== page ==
Theme Of Selfish Love In Jane Austen's Northanger Abbey

1495 Words 6 Pages
To reiterate, women accepted their role in a society that “reduces love to a biological impulse and marriage to a profitable alliance” (Giles, 77). We saw how selfish love represented this in Wuthering Heights and now its presence will be investigated in Northanger Abbey. In Northanger Abbey, we are introduced to an interesting protagonist right from the opening line: “No one who had ever seen Catherine Morland in her infancy, would have supposed her born to be an heroine” (Austen, 5). Catherine Morland, much like Catherine Earnshaw, was isolated from society and never received proper instructions on how to navigate through it. As Catherine traverses through society, she meets and falls in love with Henry Tilney, a seemingly perfect gentleman. Without deeper inquisition, the romance between Catherine and Henry may seem wholly innocent and amorous, but traces of selfishness can be found within it. Both Catherine and Henry act out of self-interest, which ultimately secures a marriage between them. Women’s subjection to society’s demands of marriage is from their strength and not weakness, …show more content…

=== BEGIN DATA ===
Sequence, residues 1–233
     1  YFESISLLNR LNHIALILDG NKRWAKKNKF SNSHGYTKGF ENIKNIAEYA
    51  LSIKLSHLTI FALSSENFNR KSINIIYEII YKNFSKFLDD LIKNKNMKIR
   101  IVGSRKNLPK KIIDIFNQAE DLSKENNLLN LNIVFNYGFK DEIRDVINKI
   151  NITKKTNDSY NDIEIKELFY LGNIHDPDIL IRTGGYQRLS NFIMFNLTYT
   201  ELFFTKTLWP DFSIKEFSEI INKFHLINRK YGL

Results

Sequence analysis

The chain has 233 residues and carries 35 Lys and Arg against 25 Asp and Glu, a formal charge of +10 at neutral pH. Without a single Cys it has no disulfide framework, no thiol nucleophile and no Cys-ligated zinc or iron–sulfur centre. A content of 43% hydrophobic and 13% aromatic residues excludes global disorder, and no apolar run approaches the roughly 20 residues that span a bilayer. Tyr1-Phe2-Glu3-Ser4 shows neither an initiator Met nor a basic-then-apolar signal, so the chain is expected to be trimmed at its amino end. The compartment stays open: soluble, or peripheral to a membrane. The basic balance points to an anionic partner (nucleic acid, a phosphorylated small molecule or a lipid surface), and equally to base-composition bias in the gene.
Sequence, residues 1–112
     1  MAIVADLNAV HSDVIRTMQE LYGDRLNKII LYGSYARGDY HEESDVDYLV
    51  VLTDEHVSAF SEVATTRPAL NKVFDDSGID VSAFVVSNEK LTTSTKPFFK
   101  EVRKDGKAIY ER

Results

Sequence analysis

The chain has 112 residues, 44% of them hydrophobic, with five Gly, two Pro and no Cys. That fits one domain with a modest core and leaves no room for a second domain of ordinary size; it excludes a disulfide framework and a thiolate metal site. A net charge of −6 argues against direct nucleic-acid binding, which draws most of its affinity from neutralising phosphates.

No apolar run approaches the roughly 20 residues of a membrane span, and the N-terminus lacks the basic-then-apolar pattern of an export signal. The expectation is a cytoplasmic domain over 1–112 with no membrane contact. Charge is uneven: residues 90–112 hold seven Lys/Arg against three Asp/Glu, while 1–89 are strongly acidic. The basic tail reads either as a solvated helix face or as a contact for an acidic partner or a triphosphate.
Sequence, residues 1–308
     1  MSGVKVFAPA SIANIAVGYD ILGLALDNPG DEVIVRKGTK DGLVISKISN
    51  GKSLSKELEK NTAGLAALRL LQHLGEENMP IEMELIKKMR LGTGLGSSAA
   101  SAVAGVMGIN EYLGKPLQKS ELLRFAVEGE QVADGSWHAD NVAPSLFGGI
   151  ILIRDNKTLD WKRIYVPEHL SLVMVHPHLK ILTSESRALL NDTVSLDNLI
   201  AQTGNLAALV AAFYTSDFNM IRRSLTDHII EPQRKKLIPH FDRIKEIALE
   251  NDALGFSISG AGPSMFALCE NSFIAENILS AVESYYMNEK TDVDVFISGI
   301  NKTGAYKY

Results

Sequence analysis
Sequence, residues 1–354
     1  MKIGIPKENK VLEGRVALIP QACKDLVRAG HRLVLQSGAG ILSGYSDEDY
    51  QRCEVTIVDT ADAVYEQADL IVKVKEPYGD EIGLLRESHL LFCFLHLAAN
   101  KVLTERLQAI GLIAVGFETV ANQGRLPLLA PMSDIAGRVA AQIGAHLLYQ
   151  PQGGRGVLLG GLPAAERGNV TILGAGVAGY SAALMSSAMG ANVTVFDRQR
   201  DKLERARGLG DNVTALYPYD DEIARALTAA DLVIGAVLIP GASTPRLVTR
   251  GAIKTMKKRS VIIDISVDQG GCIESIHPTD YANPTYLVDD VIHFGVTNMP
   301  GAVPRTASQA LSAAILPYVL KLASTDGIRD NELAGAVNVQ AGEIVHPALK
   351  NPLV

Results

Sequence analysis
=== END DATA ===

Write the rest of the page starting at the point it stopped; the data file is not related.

Their selfishness, which could also be viewed as self-preservation, was symbolic of the instrumental decisions women had to make that could drastically alter the course of their life—whether to marry for love or security. The latter often won out. The love that is represented in Wuthering Heights and Northanger Abbey is not what would fit most readers’ ideas of a healthy, natural love, but a love founded on selfish desires, societal expectations and necessity. These destructive relationships showed the sacrifices women had to make when joining the marketplace and choosing a husband. They were not always able to have who they truly wanted and sometimes ended up with someone they did not realize was not the most suitable mate for

Related Documents